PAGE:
Discipline

I was just rereading my last few posts and I noticed how negative I am about Claire’s behavior.  I would love to say, “It’s not that she’s bad, she’s just a bitch challenging.  She’s not stubborn, she’s strong-willed.”
But the truth is that she CAN be bitchy, and she is one of the most stubborn people I know.

Take last night, for example.  After finishing dinner, I started the bathwater, like I do almost every night.  She was pretty stoked for bathtime, and I got her out of her clothes and in the tub in record time.  It was about 15 minutes past the time that she usually takes a bath, but dinner lasted longer than I thought and I figured it wouldn’t be that big of a deal.

Heh.

I had put her in the tub while the water was still running.  She continued to stand up until I turned the water off.  Fine.  I don’t like it that she does it, but I’m picking my battles (see: the necessity of wearing pants, and: eating only crackers all day).  The water turns off, she sits down.  I mean, that’s what supposed to happen.  But, last night, she didn’t sit down.

I asked her nicely.  “Claire, please sit down.”  Nothing.  “Claire, bottom on the ground.” That one usually works.  Still nothing.  At this point she’s not looking at me, she’s not really DOING anything, she’s just standing.  I remembered what I’d read over at Backpacking Dad’s place about discipline so I tried the Dog Voice.

“CLAIRE.  SIT. DOWN.”

She jumped a little bit and started crying.  I picked her up and placed her in the tub, bottom down.  She screamed and tried to get up.  I asked nicely again, “Claire, you need to put your bottom on the seat please.  I don’t want you to fall.”  Yeah, didn’t work.  So, I quickly washed her hair and body while she was standing up, screaming.

She stopped crying for a second when I dumped the water on her head to wash off the soap.  She looked at me and I asked her if she was finished.  She did the sign for all done, so I pulled her out of the tub, not 2 minutes after I put her in, and wrapped a towel around her.  She wouldn’t make eye contact.  I opened the door to the bathroom (the part of the bathroom with the tub and toilet is seperated from the sinks by a door), but she didn’t follow me.  I tried to pick her up, and her whole body went limp and she started screaming again.

“Fine.  I’d just wait out here until you’re finished throwing a fit.  I love you.” I told the little body sprawled on the floor.  I turned toward the mirrors to do a quick count to ten, and heard the door shut behind me.  I tried to open the door, but she was behind it, pushing it back closed, screaming the whole time.  I let her close it, and counted again, to twenty this time.  I opened the door, against her little will, and sat on the toilet.  She had both hands on the tub, facing away from me, muttering to herself.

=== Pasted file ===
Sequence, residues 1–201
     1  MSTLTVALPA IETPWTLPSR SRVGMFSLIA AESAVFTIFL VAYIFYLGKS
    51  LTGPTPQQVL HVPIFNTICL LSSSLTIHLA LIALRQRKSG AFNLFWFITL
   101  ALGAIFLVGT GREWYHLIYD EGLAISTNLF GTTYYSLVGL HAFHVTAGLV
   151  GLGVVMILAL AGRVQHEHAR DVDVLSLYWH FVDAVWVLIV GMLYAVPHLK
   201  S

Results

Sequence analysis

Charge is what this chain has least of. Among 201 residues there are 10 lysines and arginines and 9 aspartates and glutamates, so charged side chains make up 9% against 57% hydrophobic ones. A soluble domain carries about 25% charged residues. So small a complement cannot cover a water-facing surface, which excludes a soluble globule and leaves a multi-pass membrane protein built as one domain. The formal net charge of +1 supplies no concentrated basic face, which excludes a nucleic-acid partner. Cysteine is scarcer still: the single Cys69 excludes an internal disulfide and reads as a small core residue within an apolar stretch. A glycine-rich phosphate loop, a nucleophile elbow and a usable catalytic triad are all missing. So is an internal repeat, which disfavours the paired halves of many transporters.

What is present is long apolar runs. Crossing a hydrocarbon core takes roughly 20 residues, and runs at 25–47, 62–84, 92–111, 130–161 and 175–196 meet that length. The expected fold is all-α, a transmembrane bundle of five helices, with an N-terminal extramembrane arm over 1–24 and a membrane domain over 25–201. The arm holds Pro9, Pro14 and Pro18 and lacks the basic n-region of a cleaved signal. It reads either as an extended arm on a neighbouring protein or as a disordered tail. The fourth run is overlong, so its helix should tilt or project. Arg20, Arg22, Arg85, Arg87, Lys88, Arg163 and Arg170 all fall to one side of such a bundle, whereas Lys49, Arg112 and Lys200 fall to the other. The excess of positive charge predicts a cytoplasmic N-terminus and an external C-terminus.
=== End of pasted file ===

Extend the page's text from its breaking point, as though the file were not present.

I thought back to Backpacking Dad’s trio of disciplinary techniques.  Dog Voice, Outlast Mode was next.  The problem was that she wasn’t ASKING for anything.  She was just screaming.  Last in line was the Telepathic Staredown.  THIS would work.  I KNEW it.  I calmly held her arms and turned her toward me.  She kept her eyes down.  I lowered my body closer to the floor, trying to get her to make eye contact.  She still wasn’t looking.  I got lower, and lower, until I realized that I was practically laying on the ground.  This couldn’t be very intimidating.

So, I did what I always do when she gets like this.  I scooped her angry, writhing body up and put her on her changing table.  I wrestled with her to put her diaper and pajamas on, calmly saying “Claire, now we need to put your pj’s on.  I love you.  Claire, I love you so much.  I hope you have sweet dreams.  I’ll see you tomorrow (actually, probably later tonight, since you refuse to sleep through the night) and your daddy and I love you.”

She cried the whole time.  JR walked in, swept her up and put her to bed without so much as a whimper (from her, not him.  I on the other hand was whimpering and rocking in the corner the whole time).

It’s hard to know what to do when disciplining her.  I don’t think she understands cause and effect yet, but she needs to know that there are things she CAN’T do.  Like stand in the tub.  I’m getting good at ignoring the silly fits.  But it’s the serious ones, the ones I don’t want to ignore that are slowly erasing my will to live.

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